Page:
Scotty Barnhart CD Release: Saying it Plain

*Thanks to guest blogger, Wayne James for covering this show for me and to Fiona Bloom for the media pass!

by Wayne James, blogger and bass player for Gritz and Jelly Butter

I have to admit that I am guilty of a certain kind of elitism when it comes to distinguishing the traditional art form of jazz from the newest variations. Not that variations are bad, but I suppose I want to separate the unmistakable sound that my father’s jazz represented from...well, everything else. So when I got the opportunity to cover the release of solo CD Saying it Plain, by one of Atlanta’s jazz greats, trumpeter Scotty Barnhart, I jumped at the chance to be reminded of the original beauty and passion of this distinctly American art form.

Barnhart has toured the world with definitive jazz institutions such as the Count Basie Orchestra, and has recorded with the likes of Frank Sinatra, Cab Calloway, Joe Williams, Ray Charles and Tito Puentes. Say It Plain includes musical contributions from Eddie & Wynton Marsalis, Clark Terry, and Marcus Roberts among others, standing as a testament to Barnhart’s high regard among his peers.

Barnhart played trumpet as a young boy at Ebenezer Baptist Church, and was christened by Martin Luther King Jr., and baptized by Martin Luther King Sr. Barnhart’s performance at the historic Martin Luther King, Jr. Center was double billed as both a CD release and an honorable tribute to an era and a people that were at the heart of the civil rights revolution and heavily influenced his early life.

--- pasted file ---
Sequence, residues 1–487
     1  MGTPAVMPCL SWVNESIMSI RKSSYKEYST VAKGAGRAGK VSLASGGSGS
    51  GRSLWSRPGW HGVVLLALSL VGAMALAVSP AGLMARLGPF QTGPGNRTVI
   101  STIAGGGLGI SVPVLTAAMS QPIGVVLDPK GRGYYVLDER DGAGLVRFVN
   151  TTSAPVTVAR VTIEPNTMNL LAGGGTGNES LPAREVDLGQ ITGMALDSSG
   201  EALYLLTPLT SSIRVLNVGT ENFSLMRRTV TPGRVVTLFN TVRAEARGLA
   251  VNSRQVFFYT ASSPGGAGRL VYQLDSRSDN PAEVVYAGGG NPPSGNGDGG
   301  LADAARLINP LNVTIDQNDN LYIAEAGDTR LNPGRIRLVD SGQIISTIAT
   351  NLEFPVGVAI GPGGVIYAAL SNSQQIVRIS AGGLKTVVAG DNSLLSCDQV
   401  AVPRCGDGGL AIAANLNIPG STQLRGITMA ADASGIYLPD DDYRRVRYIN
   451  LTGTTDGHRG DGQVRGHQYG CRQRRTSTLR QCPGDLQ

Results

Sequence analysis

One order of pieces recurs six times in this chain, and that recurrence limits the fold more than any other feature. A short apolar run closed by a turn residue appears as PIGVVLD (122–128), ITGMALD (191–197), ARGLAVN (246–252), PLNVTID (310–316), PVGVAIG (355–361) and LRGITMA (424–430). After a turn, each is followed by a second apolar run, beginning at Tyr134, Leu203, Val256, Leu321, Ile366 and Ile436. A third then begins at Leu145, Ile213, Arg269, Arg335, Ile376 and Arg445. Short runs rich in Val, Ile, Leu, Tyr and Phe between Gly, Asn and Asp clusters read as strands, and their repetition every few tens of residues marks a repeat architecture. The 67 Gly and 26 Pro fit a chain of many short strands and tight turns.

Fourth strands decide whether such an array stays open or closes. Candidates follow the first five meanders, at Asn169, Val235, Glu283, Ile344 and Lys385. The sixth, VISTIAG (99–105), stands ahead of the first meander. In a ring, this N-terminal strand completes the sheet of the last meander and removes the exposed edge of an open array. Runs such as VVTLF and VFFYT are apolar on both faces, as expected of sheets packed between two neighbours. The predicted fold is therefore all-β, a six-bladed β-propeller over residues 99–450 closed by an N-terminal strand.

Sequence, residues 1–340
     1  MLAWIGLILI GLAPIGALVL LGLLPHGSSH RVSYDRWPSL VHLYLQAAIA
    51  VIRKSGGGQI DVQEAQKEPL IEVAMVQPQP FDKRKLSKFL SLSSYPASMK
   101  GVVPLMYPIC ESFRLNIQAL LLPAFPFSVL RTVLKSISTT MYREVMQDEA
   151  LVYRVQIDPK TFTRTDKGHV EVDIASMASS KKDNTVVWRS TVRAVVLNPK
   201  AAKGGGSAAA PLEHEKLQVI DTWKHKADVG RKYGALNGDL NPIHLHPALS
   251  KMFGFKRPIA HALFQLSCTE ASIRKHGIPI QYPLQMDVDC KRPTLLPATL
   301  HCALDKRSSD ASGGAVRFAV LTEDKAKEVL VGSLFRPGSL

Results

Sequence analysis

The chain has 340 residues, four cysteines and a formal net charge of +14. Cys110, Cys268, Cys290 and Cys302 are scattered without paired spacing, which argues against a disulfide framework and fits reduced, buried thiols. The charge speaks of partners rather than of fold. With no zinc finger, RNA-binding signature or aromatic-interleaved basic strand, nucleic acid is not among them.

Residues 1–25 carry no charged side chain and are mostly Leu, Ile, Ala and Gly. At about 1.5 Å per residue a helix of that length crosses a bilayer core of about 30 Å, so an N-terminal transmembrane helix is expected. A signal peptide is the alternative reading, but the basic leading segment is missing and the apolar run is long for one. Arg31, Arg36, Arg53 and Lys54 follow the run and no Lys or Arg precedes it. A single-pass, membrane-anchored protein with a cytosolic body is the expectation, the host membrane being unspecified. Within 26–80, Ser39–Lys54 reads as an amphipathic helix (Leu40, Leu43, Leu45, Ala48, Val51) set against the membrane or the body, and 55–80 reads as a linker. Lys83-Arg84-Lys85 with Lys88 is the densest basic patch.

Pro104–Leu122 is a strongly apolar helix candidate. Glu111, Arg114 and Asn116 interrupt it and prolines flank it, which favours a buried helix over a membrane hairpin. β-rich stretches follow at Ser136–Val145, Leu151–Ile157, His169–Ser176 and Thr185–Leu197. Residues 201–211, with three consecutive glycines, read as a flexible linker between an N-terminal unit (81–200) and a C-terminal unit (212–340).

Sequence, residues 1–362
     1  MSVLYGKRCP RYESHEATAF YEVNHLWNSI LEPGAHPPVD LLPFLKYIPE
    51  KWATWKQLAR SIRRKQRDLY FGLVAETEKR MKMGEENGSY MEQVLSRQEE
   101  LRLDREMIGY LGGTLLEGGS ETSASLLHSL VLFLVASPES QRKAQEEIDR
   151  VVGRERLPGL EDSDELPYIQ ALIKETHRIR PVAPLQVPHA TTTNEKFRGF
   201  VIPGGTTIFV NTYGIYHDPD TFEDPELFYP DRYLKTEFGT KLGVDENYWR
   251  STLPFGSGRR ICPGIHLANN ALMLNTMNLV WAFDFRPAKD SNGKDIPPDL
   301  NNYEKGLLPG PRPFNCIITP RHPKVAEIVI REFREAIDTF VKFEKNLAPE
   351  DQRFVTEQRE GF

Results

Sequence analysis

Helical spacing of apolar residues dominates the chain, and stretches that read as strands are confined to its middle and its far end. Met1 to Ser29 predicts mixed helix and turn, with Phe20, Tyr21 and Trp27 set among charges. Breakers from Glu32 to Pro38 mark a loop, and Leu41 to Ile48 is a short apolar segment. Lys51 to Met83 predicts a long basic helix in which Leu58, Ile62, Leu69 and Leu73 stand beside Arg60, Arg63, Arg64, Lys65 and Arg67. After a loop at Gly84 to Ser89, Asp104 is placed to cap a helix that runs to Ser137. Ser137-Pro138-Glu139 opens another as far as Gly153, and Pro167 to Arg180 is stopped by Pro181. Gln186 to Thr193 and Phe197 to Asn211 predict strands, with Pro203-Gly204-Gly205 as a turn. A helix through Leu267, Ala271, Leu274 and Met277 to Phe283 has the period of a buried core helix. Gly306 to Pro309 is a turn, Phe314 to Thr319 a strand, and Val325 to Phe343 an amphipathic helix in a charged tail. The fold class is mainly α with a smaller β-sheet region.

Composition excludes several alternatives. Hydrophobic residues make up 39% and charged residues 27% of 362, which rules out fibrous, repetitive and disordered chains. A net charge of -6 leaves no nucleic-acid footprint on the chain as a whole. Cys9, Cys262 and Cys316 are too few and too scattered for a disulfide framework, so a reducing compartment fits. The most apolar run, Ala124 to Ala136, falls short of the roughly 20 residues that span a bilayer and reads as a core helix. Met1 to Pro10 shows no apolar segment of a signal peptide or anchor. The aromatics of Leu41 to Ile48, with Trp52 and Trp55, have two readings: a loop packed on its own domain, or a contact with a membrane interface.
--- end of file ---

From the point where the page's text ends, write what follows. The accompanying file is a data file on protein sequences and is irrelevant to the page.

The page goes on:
I was taken immediately by the simplicity, humility, and effortless nature of Barnhart’s sound especially when compared with the backdrop of today’s entertainment-oriented music scene. With Bill Peterson on piano, Kevin Smith on bass, and Leon Anderson on drums, Barnhart walked on stage, cordially greeted the audience, and began to make beautiful music. The album’s title track, “Say It Plain,” eased us into his world with an infectious, finger-snapping groove, peppered with Barnhart’s growling trumpet. His set grew adventurous as he plunged the audience head first into “Burning Sands,” an exhilarating and up-tempo display of his technical prowess wrought with rapid tempo and mood changes.

The night included guest appearances from a number of talented artists/musicians: saxophonist Ricardo Pascal, jazz guitarist Rik Waller, and vocalist Jamie Davis who joined Barnhart for the classic ballad, “Young at Heart.” Davis’ warm, husky baritone, reminiscent of Lou Rawls, combined with Barnhart’s muted trumpet had me grimacing with appreciation.

By the time we got to “Haley’s Passage,” a soft & contemplative stroll that successfully highlights Barnhart’s well-known soloist ability, I was a committed fan. Barnhart and his band closed out the night with an all out jam session during which any musician in the audience was invited to participate.

After the concert, I asked Scotty what he’d say to younger musicians trying to find their way in this new era of music. He paused for a moment and said, “Pay attention to what you’ve been given”. Now that is saying it plain.

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